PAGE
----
Some of you may be familiar with Brother Lawrence’s book ‘The Practice of the Presence of God’, which I am reading now. I have been moved by the simple, but profound truths contained in it, and I would like to share some snippets from his earliest chapters. But, first, a few words about him –
Brother Lawrence (1619-1691 AD) was born Nicolas Herman in Hériménil, near Lorraine, France. After a brief stint in the army, following a spiritual experience he joined a Catholic order – the Discalced Carmelite Priory in Paris – as a lay brother. Lacking the education to be a cleric, he worked in the kitchen or did similar menial jobs in the priory. His Christ like character and wisdom drew many seeking counsel or comfort. His book itself is a compilation of his letters or conversations with those who sought his wisdom.
A surrendered will
That we ought to give ourselves up to GOD, with regard both to things temporal and spiritual, and seek our satisfaction only in the fulfilling His will, whether He lead us by suffering or by consolation, for all would be equal to a soul truly resigned. That there needed fidelity in those drynesses, or insensibilities and irksomenesses in prayer, by which GOD tries our love to Him; that then was the time for us to make good and effectual acts of resignation, whereof one alone would oftentimes very much promote our spiritual advancement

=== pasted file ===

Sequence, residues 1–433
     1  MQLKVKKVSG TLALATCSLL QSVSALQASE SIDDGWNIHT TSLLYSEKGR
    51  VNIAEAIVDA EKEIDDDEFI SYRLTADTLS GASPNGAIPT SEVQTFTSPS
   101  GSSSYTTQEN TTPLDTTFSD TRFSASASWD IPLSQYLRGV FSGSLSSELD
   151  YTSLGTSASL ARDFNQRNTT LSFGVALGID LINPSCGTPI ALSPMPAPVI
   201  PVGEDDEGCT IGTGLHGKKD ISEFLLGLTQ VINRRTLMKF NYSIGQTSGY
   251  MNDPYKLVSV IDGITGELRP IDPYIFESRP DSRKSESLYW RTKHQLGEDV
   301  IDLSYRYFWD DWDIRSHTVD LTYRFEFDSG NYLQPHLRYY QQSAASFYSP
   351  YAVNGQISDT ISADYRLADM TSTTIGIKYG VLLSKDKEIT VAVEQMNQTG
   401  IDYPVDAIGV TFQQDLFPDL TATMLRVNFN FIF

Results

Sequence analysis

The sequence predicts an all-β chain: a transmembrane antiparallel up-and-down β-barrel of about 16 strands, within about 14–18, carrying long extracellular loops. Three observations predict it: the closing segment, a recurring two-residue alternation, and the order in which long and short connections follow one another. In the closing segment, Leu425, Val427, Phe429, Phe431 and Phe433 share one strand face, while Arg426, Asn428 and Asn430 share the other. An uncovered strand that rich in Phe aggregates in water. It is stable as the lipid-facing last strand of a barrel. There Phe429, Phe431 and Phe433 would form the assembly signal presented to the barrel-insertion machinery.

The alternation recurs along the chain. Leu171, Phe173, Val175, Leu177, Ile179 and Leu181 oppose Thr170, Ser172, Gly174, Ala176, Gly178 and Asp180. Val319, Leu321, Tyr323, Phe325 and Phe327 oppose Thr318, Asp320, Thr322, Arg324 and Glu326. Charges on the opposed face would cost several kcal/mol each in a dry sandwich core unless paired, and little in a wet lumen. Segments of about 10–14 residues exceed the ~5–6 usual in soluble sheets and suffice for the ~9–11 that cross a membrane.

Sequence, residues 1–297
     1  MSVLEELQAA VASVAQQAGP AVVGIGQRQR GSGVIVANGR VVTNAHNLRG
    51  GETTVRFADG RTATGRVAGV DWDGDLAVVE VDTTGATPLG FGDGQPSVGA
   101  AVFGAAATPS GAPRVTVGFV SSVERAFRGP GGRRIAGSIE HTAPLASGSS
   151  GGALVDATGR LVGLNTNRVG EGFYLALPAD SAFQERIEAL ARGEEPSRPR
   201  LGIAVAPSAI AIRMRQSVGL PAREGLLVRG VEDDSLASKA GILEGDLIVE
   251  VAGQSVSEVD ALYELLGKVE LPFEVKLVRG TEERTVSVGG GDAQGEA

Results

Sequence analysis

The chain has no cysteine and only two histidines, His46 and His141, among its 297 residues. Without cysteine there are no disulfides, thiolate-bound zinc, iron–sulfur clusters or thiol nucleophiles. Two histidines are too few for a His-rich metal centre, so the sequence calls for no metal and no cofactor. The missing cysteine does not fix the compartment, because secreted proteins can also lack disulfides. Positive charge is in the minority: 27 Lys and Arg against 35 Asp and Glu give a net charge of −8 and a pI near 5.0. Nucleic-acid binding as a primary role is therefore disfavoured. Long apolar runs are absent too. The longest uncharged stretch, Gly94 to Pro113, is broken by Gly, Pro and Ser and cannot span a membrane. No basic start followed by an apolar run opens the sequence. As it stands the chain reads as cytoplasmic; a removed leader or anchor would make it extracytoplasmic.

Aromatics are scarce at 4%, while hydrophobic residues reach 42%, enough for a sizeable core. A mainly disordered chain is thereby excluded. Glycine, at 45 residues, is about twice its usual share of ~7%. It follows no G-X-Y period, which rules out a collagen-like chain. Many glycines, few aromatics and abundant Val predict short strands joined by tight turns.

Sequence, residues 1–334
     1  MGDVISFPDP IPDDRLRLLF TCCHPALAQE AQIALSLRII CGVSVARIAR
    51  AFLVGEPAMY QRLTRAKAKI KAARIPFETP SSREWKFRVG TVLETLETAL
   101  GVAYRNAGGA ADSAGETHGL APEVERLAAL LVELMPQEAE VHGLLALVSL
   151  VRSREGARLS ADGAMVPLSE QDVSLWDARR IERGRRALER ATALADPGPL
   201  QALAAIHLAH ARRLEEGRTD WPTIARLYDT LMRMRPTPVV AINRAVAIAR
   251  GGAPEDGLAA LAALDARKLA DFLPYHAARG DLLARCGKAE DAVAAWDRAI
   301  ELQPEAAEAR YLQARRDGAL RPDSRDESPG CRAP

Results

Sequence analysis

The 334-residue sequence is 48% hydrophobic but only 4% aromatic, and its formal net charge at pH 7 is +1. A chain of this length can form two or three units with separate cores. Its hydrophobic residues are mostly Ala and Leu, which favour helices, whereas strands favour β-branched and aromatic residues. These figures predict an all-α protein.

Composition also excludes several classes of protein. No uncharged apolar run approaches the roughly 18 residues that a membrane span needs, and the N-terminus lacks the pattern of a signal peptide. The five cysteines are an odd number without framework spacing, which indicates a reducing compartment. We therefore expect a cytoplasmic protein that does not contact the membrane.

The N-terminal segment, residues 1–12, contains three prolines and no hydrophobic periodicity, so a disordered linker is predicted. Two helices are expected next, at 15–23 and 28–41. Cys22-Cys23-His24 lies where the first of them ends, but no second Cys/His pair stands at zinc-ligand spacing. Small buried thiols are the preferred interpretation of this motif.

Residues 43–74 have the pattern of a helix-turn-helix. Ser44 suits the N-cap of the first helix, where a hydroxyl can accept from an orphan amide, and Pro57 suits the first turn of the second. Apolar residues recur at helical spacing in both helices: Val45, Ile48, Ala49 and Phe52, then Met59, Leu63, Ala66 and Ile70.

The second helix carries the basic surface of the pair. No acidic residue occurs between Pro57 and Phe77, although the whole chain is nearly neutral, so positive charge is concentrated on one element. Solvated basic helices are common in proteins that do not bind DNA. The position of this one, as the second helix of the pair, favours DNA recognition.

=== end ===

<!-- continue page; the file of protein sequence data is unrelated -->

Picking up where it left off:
Talking to God
That we should establish ourselves in a sense of GOD’s Presence, by continually conversing with Him. That it was a shameful thing to quit His conversation, to think of trifles and fooleries.
That we should feed and nourish our souls with high notions of GOD; which would yield us great joy in being devoted to Him.
That in order to form a habit of conversing with GOD continually, and referring all we do to Him; we must at first apply to Him with some diligence: but that after a little care we should find His love inwardly excite us to it without any difficulty.
That when an occasion of practising some virtue offered, he addressed himself to GOD, saying, LORD, I cannot do this unless Thou enablest me; and that then he received strength more than sufficient.
That when he had failed in his duty, he only confessed his fault, saying to GOD, I shall never do otherwise, if You leave me to myself; ’tis You must hinder my falling, and mend what is amiss. That after this, he gave himself no further uneasiness about it.
That he had no scruples; for, said he, when I fail in my duty, I readily acknowledge it, saying, I am used to do so:I shall never do otherwise, if I am left to myself. If I fail not, then I give GOD thanks, acknowledging that it comes from Him
That we ought to act with GOD in the greatest simplicity, speaking to Him frankly and plainly, and imploring His assistance in our affairs, just as they happen. That GOD never failed to grant it, as he had often experienced.
In the weeks ahead, I mean to share brief excerpts from his book and hope it will be a blessing to you.